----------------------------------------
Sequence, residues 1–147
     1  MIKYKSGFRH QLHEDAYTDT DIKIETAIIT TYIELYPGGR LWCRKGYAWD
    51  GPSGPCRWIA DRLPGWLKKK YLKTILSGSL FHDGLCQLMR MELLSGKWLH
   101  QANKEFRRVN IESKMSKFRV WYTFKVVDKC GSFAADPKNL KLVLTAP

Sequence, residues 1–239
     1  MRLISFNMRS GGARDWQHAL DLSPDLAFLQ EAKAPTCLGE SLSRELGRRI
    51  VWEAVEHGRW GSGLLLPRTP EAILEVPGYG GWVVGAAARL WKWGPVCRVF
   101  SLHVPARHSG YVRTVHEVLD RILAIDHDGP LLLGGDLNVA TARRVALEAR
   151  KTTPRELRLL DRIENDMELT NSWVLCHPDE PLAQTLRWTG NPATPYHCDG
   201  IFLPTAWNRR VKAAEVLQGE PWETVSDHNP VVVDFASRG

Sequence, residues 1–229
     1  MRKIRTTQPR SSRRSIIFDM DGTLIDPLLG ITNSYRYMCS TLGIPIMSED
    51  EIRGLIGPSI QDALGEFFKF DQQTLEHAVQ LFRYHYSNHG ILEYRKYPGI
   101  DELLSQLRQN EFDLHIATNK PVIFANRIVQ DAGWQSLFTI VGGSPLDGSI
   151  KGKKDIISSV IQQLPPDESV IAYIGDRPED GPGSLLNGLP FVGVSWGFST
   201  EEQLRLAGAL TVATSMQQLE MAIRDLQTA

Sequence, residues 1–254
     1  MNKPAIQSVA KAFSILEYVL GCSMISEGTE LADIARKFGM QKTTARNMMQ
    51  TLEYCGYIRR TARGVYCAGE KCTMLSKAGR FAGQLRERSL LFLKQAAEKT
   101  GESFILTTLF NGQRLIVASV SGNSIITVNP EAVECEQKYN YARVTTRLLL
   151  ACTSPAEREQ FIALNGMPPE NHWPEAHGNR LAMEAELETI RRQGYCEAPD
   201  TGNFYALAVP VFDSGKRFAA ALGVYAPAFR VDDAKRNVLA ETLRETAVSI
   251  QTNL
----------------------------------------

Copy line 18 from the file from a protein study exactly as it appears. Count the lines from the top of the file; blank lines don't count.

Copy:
     1  MNKPAIQSVA KAFSILEYVL GCSMISEGTE LADIARKFGM QKTTARNMMQ